September 12, 2015

The Syrophoenician mother (Mark 7:24-37)

A Dramatic Monologue

Well, that didn’t go the way I expected! Most things go the way I expect, it’s the nature of the job I’m in, well, my husband and I of course.  I know, most people would be shocked at such a well-known person as myself in this neighborhood.  I can usually be found in the nicer end of town, with the other merchants.  After all, my family has been there as far back as we can remember, selling our dyes around the world.  You’ve seen emperors and kings wearing the purple that only they can afford, woven from thread dyed in our vats.  Our people have sailed around the world for hundreds of years as successful merchants because of the sea shells in our waters.  Everyone has heard of my people, and most folks welcome our traders with open arms!

I wish I could say the same for our neighbors.  Those troublesome Hebrews who think they are the center of the universe.  They have sneered at our Gods, knocked over our altars, and been a quarrelsome bunch ever since they arrived.  They’ve caused nothing but trouble for our greatest heros, too.  You’ve heard of Goliath, right?  So tall and so mighty a warrior that he could end wars and battles just by walking onto the field.  Sure prevented a lot of unnecessary bloodshed in his day.  At least he did, until some pipsqueak had a lucky shot with a slingshot.  And just a kid, if I remember rightly.  And our most famous heroine also helped prevent wars.  Remember, Delilah, right? She used her brains and beauty, and even her hair dresser to stop one of their fiercest warriors in his tracks.  What was his name again? S something, and stories said he had a whole lifetime of bad hair days until she fixed him up.  So if I’ve got height and smarts, I’ve come by it naturally, with such noble ancestors as that!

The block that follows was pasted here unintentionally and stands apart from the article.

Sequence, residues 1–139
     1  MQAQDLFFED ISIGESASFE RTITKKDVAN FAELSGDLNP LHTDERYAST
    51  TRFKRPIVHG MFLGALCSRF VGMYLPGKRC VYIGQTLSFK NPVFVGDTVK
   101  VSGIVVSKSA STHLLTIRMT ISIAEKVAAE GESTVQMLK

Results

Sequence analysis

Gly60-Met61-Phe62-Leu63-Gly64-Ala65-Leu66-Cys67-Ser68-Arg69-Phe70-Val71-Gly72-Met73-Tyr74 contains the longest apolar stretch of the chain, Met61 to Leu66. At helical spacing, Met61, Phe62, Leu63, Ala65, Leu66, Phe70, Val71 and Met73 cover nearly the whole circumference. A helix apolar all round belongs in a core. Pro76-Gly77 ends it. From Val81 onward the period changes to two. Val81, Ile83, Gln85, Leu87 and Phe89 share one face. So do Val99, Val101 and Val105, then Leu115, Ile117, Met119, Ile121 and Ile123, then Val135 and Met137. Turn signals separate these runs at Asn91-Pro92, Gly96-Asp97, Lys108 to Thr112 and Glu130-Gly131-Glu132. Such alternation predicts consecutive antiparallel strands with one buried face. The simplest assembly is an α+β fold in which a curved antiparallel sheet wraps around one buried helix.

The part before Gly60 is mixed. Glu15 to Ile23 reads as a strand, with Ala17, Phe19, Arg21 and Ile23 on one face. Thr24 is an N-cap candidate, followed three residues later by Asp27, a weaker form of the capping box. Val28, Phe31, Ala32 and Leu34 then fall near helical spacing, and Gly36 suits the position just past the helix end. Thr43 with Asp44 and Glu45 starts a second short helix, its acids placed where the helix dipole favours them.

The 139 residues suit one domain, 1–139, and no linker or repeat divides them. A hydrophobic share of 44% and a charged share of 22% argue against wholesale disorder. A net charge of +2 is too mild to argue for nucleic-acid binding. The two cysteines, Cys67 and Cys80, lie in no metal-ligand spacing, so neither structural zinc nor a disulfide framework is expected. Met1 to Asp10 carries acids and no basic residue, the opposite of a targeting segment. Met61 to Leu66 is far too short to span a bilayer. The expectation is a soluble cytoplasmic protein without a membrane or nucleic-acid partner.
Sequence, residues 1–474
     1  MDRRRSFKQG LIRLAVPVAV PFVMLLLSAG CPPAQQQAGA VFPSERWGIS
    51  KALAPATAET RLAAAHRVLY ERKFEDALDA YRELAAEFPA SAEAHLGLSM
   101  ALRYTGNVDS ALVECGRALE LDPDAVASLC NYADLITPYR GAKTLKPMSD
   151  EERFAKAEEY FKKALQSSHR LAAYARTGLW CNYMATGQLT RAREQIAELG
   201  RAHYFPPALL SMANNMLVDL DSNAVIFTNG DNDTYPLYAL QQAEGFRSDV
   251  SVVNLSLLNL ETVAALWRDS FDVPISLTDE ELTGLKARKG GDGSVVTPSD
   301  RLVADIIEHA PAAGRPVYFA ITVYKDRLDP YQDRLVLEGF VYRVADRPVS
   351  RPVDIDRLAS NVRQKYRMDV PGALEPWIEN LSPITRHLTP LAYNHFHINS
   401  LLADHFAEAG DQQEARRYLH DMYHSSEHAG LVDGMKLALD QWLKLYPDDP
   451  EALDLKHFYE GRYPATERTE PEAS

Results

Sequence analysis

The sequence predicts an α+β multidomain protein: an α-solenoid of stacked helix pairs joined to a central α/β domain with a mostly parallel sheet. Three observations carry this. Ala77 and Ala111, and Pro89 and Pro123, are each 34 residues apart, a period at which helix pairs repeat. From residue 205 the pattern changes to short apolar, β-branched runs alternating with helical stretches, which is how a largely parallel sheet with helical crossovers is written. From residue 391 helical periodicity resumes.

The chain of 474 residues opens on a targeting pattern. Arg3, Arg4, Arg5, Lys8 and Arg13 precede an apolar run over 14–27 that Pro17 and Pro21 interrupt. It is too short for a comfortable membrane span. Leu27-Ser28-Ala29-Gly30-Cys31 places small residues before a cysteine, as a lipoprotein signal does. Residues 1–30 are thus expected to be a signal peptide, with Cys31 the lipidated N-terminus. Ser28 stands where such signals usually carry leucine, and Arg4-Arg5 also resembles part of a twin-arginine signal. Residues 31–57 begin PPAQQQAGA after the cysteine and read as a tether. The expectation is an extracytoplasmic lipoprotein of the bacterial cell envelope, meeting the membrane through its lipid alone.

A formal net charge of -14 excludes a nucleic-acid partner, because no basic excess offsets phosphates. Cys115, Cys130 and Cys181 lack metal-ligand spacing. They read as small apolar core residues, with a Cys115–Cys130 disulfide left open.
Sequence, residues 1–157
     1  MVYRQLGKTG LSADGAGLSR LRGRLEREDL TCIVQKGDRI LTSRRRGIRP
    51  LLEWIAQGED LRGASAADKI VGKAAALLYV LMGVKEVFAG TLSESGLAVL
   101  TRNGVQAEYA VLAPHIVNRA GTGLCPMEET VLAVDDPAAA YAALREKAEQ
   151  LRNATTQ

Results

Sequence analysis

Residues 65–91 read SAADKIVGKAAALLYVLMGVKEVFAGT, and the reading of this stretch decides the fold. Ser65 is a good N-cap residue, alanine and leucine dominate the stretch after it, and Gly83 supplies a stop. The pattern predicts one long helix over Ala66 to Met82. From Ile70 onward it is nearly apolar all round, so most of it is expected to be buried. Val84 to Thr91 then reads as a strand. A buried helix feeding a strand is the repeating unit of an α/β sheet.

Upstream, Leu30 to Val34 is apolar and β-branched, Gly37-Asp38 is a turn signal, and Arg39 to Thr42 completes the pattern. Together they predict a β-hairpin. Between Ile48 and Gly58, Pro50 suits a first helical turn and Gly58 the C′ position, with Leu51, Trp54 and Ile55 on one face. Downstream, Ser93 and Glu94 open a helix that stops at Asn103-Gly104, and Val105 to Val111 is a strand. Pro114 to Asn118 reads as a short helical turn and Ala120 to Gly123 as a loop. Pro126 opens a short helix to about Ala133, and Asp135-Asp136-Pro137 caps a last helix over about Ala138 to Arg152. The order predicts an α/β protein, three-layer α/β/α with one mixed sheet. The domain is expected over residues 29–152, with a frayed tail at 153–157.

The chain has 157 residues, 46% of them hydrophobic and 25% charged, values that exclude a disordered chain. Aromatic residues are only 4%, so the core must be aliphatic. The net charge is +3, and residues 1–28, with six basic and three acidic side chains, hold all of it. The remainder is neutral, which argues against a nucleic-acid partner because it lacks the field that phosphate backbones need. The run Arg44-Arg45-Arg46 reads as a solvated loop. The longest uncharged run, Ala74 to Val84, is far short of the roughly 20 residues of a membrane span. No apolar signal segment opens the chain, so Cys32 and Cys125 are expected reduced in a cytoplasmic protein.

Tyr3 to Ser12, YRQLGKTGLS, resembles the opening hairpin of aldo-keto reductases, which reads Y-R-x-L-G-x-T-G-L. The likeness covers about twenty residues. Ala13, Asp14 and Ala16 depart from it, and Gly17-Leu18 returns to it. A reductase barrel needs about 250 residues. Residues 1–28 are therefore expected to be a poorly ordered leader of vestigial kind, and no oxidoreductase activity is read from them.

So when my housemaids were gossiping instead of doing their duties, I eavesdropped before giving my usual scolding.  Turns out it was a good thing.  One of their countrymen was in town for a visit, a Hebrew man and his friends.  The leader of the group was some kind of faith healer, and judging from the gossip of the girls, much more effective than the run of the mill shysters and snake oil salesmen we usually see around here.  We’ve seen our share of the medics, healers, doctors and priests these last eight years.  My husband used to go down to the docks when our trade ships came in, hoping that some Greek-trained doctor might be able to help.  We even turned to the Roman surgeons with their leeches and blood-letting, but those Roman fellows are more handy with a saw than a potion.  We borrowed the Governor’s personal physician, too.  No one helped. They tried, goodness knows, but they all gave up in the end, except the ones who kept promising better results with larger amounts of gold.  We gave up on them long before they gave up on us.  Like my husband says, “Never match wits with a Phoenician.”

The bizarre thing the girls said is that this guy never asked for payment.  Inconceivable! They always want something.  Every last one of them have their hand out for something.  And as my husband says, “you get what you pay for”, especially when it comes to healers.  But this time it felt like a sign.  My husband had told me just this morning that he was tired of throwing good money after bad and we had just better get used to the fact that no one knew how to help our daughter.